1. A 3 hour overnight bus from MAASU in Madison, WI to Chicago, IL
2. A 5 hour international flight from Chicago, IL to Oranjestad, Aruba
3. A 40 minute flight from Oranjestad, Aruba to Caracas, Venezuela
4. An 8 hour overnight bus from Caracas, Venezuela to Ciudad Bolivar
5. A 1 hour Cessna flight from Ciudad Bolivar to Canaima National Park
6. A 30 min drive to the local river
7. An 8 hour speedboat upriver to the Auyan-tepui, including getting off countless times to push our boat upstream
6. And a 2 hour hike..
…we finally make it to the tallest waterfall in the world, boasting a drop of 970m:
Remember Paradise Falls from Pixar’s film Up?
Yeah, all that was missing was our balloon-powered house:
Unlike Machu Picchu, Torres del Paine, Perito Moreno Glacier, or other South American wonders, Angel Falls takes the cake for challenging the everyday traveler with the most physically demanding itinerary.
The whole journey took us about 2-3 days, and that was us feeling like we were pushing it rather quickly to see as much as we could.
After an overnight bus ride from Caracas to Ciudad Bolivar, arriving at around 6:30am in the morning, we quickly hopped on a 5-person Cessna plane for an hour flight to Canaima National Park.
To be honest, a lot of us nodded off on the flight, and within 20 min we woke up to a completely different scenery outside our windows:
We landed in Canaima at around 9am.
The airport passport procedure takes place entirely outdoors, and within 20 minutes, we hopped on a truck.
And we soon arrived to the local village in Canaima.
Without much delay, we were asked by our guides to repack all our bags and take with us just a day bag that would be enough to last us for the next 24 hours.
This may sound easy but it ended up being rather difficult since a few of us were deciding how much camera gear to take with us and whether passports/money/valuables would be better off in a locked storage unit here or in dinky daybags that may get lost in the river.
We then headed over to our speedboats for the grueling 6 hour ride up the river towards Auyantepui, the tepui (aka “tabletop mountain”, or sometimes nicknamed as “house of the gods”) where Angel Falls is located.
Because we were visiting during the dry season, the river levels weren’t high enough for a straight, smooth, direct shot up; at many points we had to disembark and hike overland so the boats could cross certain points of the river without being weighed down.
Of course, these overland hikes presented many opportunities for photos.
And while we hiked, our guides worked brutally hard to make sure our boats got upstream:
As the hours passed by we were coming up closer to what seemed like a land before time.
And then as we got closer to where we needed to be, the water levels seemed to be decreasing further, forcing everyone in our boats to get out and help push them upriver, barefoot.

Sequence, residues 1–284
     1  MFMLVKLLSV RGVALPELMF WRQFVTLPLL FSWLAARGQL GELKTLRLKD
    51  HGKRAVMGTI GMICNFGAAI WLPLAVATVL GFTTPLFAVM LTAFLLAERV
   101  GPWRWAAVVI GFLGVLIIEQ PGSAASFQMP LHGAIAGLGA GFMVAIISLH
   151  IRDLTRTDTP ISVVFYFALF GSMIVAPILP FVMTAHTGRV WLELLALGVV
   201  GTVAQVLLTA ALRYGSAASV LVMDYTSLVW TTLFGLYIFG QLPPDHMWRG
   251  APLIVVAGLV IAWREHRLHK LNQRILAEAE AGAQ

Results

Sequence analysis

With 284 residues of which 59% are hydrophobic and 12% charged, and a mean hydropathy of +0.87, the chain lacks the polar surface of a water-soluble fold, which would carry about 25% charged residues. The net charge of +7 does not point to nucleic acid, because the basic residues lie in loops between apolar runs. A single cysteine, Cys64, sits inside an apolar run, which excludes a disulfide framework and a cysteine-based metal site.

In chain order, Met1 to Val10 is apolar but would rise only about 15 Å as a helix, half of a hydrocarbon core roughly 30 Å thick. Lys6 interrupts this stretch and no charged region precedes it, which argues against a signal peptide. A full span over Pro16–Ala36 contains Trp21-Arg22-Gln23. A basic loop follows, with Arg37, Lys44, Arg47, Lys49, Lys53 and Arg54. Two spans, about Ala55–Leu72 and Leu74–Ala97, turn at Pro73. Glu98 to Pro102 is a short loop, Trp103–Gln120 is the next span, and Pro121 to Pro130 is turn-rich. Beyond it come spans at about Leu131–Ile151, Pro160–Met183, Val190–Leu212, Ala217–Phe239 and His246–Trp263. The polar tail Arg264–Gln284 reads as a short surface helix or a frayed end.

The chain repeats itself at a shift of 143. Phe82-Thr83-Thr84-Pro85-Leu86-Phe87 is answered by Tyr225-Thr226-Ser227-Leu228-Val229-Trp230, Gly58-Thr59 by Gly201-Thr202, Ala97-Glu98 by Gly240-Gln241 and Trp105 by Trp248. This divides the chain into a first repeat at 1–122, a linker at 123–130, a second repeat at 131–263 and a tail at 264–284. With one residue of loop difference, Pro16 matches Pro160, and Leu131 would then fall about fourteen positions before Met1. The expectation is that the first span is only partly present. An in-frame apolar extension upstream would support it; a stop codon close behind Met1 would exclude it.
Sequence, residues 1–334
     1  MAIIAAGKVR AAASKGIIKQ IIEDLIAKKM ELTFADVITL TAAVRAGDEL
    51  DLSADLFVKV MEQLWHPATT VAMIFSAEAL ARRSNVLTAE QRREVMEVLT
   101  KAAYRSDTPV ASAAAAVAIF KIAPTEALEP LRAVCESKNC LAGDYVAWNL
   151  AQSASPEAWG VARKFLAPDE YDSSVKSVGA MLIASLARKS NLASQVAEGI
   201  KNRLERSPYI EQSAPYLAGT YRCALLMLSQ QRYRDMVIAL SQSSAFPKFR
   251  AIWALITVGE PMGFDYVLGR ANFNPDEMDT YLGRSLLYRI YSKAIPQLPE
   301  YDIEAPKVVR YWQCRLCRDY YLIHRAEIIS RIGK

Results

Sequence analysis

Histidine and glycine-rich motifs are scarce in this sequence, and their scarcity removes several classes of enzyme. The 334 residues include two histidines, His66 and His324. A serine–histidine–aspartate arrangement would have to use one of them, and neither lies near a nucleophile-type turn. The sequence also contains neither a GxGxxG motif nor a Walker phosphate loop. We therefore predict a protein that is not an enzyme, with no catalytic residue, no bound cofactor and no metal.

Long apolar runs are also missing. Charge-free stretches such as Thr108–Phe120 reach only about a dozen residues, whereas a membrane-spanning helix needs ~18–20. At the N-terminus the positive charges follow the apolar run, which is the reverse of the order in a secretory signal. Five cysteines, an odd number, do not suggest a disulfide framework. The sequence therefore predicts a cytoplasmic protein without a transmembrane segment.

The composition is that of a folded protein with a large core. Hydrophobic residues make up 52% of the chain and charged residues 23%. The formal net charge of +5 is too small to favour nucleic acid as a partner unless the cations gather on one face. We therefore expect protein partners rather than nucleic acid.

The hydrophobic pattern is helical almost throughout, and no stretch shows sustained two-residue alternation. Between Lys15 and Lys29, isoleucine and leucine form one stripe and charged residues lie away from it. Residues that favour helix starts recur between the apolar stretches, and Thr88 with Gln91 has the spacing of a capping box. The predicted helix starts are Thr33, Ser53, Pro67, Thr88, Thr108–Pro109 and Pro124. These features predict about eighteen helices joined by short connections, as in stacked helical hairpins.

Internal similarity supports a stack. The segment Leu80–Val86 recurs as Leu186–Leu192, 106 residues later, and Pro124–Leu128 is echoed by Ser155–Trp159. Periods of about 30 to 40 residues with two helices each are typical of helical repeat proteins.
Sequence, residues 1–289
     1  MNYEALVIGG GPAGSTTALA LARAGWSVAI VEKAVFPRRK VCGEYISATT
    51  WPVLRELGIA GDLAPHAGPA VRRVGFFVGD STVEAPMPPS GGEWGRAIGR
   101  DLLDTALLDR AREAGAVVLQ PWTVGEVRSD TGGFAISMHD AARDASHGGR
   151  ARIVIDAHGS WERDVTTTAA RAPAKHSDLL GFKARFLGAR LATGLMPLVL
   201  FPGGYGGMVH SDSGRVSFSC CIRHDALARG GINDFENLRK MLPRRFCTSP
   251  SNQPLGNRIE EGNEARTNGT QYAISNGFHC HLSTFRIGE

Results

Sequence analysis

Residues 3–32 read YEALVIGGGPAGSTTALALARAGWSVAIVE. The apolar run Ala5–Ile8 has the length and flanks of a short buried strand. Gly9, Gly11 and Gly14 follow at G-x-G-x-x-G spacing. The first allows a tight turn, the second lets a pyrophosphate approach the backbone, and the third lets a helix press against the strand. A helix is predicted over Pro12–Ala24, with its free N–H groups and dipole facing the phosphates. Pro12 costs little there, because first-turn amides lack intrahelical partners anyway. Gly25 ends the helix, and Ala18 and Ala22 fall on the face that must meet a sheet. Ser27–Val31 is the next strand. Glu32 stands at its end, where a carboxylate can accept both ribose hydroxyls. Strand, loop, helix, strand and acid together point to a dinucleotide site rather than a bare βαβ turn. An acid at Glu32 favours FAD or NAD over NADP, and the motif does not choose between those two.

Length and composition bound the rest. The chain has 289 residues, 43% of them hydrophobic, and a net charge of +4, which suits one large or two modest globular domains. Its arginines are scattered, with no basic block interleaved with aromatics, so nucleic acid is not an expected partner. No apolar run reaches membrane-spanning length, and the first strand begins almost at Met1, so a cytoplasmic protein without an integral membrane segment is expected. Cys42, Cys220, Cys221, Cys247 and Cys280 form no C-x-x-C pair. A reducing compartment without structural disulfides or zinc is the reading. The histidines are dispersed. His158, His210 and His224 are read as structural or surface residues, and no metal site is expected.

Quickly getting back in the boats after getting some momentum was also pretty tricky:
When 6pm came around, we started to worry as the sun was setting quickly and we were still on the river. We also noticed exasperated looked on the faces of our guides, worried at how slowly we were moving and the concern that we would have to navigate up the river and push our boats in complete darkness.
But just as the last remnant of daylight glanced the river at 7pm, we finally reached base camp. It was a very close call.
We quickly donned off our wet clothes and hung them on the clothesline to dry. Somewhere along the boat ride, our guides and killed an animal related to the tapir and asked if we would be offended if they cooked it for us (Not at all!).
We then had dinner over candlelight, as electricity seemed like an afterthought at this point, and then passed out in our hammocks.
Classic arepas greeted us for breakfast the next morning:
And then we set off on our 2 hour hike towards Angel Falls.
At a few points we would get impatient and sneak out a few views of the falls.
But it was after a 2 story hike up where we got a true clearing to appreciate the falls head on:
After a few photos we hiked 20 minutes further towards the base of the falls, where we stripped and went for a swim.
We spent 30 minutes at the base of the falls, before retracing our steps back to base camp.
We celebrated with a grilled tapir:
After lunch, we got back into our boats and headed back to the Canaima village, which was much easier than the day before. We got back right at sunset.
After dinner, we passed out in our assigned posadas.
The next morning our guides took us to a much more nearby Canaima Lakes to check out Sapo waterfalls.
These waterfalls are unique in that you can walk up close and behind them.
Right next to these falls is a lagoon where you can enjoy a little swim and cliff diving.
After Sapo Falls, we headed back to our posadas to dry off and begin our Cessna flights back to Ciudad Bolivar. While the 2 other Cessnas headed back directly, my particular Cessna decided to take a $50/person detour to view, up-close, the rarely-visited top of Auyantepui (so isolated from civilization it has its own unique ecosystem) and Angel Falls itself.
More than satisfied, we headed back to Ciudad Bolivar and to modern civilization itself.
– At time of posting in Angel Falls, Venezuela, it was 71.6 °F – Humidity: 100% | Wind Speed: 3km/hr | Cloud Cover: partly cloudy